Technology isn’t just a young man’s game, particularly in agriculture.
Farming technology has evolved drastically over the years, with GPS and autosteer and now drones that can fly over a field and identify problem spots.
As technology has changed, the ag workforce largely hasn’t. Farmer ages continue to rise. Farmers have needed to learn new practices over the years, and Laura Bleill said companies are trying to make it as easy as possible.
“It’s an important consideration to think about who is using these products,” said Bleill, director of external engagement and communications with the University of Illinois Research Park. “User experience has become a much more important detail, when it might have been an afterthought in the past.”
She said there are many startups that focus on who their customers are, rather than the end goal, and know that to be successful, there has to be buy in.
“They aren’t just thinking about if it’s a cool feature or technology,” Bleill said. “It may be cool, but if nobody adopts it, you will fail.”
Bleill said many of the people developing these new technologies aren’t just “young people in hoodies.”
“Graduate students aren’t all just 22-year olds,” she said. “A lot of them are 35 or coming back to a second career. It really has to be an intergenerational approach to innovation. A lot of people throw around the term diversity as it relates to ethnicity or race, but I think it relates to gender and age as well, so having a well-rounded ecosystem is really what makes it work.”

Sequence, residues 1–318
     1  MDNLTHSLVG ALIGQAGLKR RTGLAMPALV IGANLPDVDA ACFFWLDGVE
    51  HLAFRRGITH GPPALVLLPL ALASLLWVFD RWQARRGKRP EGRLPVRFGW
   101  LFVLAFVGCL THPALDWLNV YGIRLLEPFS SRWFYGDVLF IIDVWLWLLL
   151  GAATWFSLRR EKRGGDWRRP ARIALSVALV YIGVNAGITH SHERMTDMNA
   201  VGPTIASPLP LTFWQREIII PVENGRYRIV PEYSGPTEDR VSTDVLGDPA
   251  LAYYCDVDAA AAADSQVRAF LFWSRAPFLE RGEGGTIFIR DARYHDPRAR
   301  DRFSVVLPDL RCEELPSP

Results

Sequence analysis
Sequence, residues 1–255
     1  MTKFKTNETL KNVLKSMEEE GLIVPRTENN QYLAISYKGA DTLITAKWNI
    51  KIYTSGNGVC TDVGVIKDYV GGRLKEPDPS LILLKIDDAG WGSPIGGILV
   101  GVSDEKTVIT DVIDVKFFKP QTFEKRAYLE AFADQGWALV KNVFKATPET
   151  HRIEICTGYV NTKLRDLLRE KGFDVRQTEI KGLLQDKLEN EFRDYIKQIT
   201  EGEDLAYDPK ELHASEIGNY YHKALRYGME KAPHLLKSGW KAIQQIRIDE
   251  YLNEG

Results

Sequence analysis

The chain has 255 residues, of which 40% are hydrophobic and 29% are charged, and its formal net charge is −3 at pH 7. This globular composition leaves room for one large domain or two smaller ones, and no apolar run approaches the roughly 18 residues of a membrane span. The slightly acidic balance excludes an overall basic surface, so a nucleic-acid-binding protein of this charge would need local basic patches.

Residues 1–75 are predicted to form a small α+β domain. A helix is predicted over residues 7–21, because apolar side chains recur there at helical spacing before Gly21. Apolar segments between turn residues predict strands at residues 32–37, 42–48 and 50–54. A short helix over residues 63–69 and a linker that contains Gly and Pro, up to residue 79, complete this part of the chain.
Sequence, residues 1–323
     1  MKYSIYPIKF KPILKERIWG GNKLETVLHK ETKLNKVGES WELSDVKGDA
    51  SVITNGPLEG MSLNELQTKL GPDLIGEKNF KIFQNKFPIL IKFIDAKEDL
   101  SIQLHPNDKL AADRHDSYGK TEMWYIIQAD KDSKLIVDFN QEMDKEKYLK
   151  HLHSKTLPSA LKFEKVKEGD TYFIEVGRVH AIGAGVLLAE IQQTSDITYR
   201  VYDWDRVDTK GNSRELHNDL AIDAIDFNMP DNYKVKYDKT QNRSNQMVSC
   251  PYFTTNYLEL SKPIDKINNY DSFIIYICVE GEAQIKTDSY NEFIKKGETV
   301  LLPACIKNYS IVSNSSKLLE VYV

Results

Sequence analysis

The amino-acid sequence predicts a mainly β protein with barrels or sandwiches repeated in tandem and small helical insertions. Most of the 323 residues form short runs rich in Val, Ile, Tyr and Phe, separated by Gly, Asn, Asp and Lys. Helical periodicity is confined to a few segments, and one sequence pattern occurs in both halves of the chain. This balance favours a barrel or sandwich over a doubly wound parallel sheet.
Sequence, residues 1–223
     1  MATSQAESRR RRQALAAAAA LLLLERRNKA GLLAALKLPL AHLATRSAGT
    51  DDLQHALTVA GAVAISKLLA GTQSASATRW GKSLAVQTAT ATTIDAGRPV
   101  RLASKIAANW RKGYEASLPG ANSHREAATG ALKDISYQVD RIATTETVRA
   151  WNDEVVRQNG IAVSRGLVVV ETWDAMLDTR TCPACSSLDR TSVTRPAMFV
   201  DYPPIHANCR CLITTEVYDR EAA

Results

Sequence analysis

She said one of the chief goals for most technology is making things easier for farmers who seem to have more and more on their plate every year.
“I can’t speak on behalf of all the different entrepreneurs, but there’s a huge emphasis in ag tech to solve and address a lot of the pain points of agriculture, and one of those is workforce,” Bleill said.
Particularly for older farmers, having technology is going to help.
“A lot of farmers are getting older and don’t want to do these manual tasks and save their energy and expertise to make higher-level decisions that can really impact their productivity,” she said.
Ease and accessibility for farmers adopting new technology is increasingly important, Bergman said.
“We have someone who helps our entrepreneurs with that very issue,” she said. “Her approach is described as an empathic design and is much more about creating a product anyone can use. We aren’t just developing technology for the sake of it. It has to be something that is used.”
Bleill said people can help developers by giving feedback on any technology they are using.
“Understanding who the customer is has become very important to a lot of ag-tech startups,” she said. “They are recognizing the need to work hand-in-hand with farmers is really important. If any farmers are looking to get engaged, there are technologists that are really interested in working with them. From carbon to drones, there’s a lot of room for collaboration.”